3 Things to Watch When Netflix Inc. Reports Earnings

Netflix  is on top of the world as it heads into Wednesday afternoon's quarterly report. Streaming competitors are falling like flies. It's been announcing magnetic content deals for TV shows and more recently movies. The stock hit a new all-time high last month.

Given the buoyancy in the shares -- the stock has popped more than eightfold since bottoming out two years ago -- and with favorable analyst buzz, it's safe to say that expectations are heightened ahead of the third quarter report. It goes without saying that great news can send the shares even higher and bad news will let some of the air out of the Netflix balloon, but let's go over a few of the things that will likely dictate how the market reacts to the report.

1. 54 million subscribers or bust 
Netflix closed out the second quarter with 50.05 million streaming subscribers worldwide, targeting 53.74 million members by the end of the third quarter. The leading provider of premium video streaming has historically provided conservative guidance, and shareholders have benefited from quarterly performances that more often than not have exceeded Netflix's own outlook. However, the challenge to surpass 53.74 million streaming accounts has some extra weight this time around.

Netflix increased the monthly rate of its streaming platform by a buck to $8.99 for new members in early May. It was an interesting move because Netflix also chose to let existing members stick with the original $7.99 monthly rate for another two years. This will naturally help with retention, but will millions of people sign up knowing that they're paying more than tens of millions of existing members?

Netflix held up well during the second quarter given this interesting dynamic, but the third quarter will be the dot-com darling's first quarter where new members were paying $8.99 a month the entire time. 

2. Netflix may use its shareholder letter to bash Comcast 
Netflix CEO Reed Hastings isn't afraid to go after Comcast . He calls out the competition by name, even if the country's largest cable television provider also happens to have an even larger Internet business that Netflix needs in order to connect users to its product.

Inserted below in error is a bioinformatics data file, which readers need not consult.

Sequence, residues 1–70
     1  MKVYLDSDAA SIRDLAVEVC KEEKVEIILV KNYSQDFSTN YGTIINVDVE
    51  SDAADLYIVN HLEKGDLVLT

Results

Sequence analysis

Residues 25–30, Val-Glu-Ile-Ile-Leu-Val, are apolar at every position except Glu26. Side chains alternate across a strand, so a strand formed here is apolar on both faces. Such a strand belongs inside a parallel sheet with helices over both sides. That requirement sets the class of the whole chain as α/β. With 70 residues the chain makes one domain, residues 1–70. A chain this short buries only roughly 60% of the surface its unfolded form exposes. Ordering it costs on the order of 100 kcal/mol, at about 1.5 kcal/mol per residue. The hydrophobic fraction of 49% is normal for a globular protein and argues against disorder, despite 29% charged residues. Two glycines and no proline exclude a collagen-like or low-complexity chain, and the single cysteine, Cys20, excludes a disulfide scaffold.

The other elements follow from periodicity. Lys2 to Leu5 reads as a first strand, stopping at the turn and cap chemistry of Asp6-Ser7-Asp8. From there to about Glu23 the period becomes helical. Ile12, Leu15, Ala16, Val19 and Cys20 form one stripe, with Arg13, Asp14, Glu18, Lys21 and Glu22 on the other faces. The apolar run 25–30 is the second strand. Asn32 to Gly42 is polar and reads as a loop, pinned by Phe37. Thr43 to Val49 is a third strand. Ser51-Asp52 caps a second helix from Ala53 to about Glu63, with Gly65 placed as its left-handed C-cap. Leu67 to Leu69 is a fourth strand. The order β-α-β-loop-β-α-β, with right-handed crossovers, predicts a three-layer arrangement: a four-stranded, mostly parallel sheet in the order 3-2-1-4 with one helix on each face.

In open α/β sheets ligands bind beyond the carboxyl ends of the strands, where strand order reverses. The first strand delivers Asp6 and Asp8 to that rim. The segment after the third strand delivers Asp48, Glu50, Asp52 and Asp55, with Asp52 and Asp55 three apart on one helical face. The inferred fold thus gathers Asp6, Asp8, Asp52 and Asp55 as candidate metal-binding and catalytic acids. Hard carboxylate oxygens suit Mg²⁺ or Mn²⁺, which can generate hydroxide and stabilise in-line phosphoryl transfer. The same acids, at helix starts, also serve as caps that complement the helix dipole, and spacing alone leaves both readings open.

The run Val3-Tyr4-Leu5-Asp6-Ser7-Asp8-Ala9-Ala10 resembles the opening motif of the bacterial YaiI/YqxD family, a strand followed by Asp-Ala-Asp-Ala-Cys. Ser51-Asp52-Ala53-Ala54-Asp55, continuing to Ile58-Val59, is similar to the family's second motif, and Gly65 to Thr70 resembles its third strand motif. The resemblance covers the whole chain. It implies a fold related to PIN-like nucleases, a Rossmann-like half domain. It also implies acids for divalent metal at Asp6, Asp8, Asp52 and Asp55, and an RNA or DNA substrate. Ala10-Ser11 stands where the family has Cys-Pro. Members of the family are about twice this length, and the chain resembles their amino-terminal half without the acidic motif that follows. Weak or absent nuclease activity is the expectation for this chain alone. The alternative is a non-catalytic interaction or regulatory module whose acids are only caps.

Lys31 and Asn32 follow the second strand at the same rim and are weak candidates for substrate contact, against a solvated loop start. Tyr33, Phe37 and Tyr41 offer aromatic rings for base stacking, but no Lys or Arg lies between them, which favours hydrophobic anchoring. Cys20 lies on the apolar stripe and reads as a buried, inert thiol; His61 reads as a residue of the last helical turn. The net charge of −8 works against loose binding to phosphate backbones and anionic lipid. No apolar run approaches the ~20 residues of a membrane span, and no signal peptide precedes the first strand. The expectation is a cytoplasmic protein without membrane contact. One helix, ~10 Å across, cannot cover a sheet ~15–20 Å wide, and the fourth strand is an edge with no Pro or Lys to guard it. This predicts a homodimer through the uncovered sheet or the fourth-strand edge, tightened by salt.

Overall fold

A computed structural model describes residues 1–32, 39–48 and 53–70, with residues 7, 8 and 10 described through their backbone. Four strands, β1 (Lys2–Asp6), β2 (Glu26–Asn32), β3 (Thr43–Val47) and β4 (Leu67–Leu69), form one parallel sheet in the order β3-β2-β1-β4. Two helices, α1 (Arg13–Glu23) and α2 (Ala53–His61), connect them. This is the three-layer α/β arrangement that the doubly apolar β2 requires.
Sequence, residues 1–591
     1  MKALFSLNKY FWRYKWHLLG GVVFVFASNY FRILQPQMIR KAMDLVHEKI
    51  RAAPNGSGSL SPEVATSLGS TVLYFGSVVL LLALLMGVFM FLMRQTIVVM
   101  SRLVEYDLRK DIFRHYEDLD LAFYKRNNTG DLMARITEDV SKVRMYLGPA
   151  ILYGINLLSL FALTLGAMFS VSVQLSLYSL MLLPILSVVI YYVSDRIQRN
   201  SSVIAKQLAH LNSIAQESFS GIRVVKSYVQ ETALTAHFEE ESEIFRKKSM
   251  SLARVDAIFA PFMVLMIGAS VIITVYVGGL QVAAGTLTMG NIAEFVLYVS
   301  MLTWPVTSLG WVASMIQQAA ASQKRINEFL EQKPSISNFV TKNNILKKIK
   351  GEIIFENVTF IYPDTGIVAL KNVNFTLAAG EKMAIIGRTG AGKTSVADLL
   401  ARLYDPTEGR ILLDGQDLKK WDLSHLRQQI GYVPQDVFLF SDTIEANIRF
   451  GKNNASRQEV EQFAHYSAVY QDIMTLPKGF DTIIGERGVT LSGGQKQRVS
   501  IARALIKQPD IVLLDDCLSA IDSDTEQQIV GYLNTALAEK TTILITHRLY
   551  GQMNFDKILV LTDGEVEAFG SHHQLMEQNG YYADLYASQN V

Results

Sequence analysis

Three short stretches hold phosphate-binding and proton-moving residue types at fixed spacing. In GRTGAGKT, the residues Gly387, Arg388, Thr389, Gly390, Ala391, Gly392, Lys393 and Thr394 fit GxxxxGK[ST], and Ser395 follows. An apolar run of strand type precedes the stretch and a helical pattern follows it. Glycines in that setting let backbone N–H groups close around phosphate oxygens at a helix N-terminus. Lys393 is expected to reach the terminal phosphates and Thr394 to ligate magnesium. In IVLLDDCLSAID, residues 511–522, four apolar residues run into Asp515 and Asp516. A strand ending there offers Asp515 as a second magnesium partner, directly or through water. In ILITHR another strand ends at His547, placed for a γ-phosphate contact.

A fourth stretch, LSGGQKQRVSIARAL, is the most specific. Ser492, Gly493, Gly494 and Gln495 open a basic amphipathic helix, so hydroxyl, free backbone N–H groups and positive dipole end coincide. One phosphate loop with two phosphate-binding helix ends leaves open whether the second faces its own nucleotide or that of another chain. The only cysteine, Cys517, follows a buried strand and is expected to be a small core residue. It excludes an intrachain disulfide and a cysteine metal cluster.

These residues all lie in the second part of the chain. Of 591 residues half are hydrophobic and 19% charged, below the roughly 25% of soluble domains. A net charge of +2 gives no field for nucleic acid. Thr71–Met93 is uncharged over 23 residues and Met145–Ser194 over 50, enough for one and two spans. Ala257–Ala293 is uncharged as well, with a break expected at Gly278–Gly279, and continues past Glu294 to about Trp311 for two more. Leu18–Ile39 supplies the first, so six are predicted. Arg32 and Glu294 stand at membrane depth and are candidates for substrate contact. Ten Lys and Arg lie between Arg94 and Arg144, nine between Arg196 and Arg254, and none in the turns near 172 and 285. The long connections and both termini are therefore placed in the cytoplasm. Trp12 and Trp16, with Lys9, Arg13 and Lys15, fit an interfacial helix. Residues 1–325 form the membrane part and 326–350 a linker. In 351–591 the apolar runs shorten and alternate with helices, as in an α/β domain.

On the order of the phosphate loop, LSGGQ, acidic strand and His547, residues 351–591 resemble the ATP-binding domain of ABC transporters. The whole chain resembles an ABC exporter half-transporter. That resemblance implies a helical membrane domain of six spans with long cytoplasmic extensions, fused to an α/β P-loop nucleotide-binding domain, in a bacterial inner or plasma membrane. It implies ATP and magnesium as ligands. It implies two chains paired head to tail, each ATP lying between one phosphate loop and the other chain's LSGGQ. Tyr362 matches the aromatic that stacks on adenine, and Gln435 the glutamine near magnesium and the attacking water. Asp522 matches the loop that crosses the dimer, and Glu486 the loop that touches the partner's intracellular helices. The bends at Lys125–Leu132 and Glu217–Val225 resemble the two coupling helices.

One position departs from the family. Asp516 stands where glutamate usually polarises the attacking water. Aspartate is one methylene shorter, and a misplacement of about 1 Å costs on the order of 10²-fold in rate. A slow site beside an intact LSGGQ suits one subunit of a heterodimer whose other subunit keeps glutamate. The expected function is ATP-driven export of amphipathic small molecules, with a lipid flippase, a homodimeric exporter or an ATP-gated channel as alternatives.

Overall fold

Comcast is trying to join forces with Time Warner Cable , and the combination of the country's two largest cable television providers has been a sore spot for Hastings. He's been taking the proposed marriage to task, and Comcast has also fired back. Netflix was mentioned 283 times in a recent Comcast SEC filing. The quarterly shareholder letter would be a convenient platform to fire back. Hastings has regained his swagger since his stock has been bouncing back over the past two years. It wouldn't be a surprise if he took a shot here, and Hastings isn't alone. Comcast was the top dog in Consumerist's annual Worst Company in America this year.

3. Video killed the multiplex star
One of the more interesting developments at Netflix happened two weeks ago when it announced that it would be bankrolling movies. It will stream the Hidden Tiger, Crouching Dragon sequel the day it hits Imax screens next summer. That will be followed by four Adam Sandler movies.

Making an investment in movies is a serious departure from its push into original TV shows, and one that will naturally be more expensive per hour of content. Netflix isn't afraid to pay up in order to build up its catalog. It had a record $7.7 billion in streaming content obligations at the end of June. Investors will want to keep an eye on that metric, but the real story here is that Netflix will probably be discussing its strategy for making the move into streaming traditional theatrical fare at the same time it becomes available at a multiplex near you.  

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The article 3 Things to Watch When Netflix Inc. Reports Earnings originally appeared on Fool.com.

Rick Munarriz owns shares of Netflix. The Motley Fool recommends Netflix. The Motley Fool owns shares of Netflix. Try any of our Foolish newsletter services free for 30 days. We Fools may not all hold the same opinions, but we all believe that considering a diverse range of insights makes us better investors. The Motley Fool has a disclosure policy.

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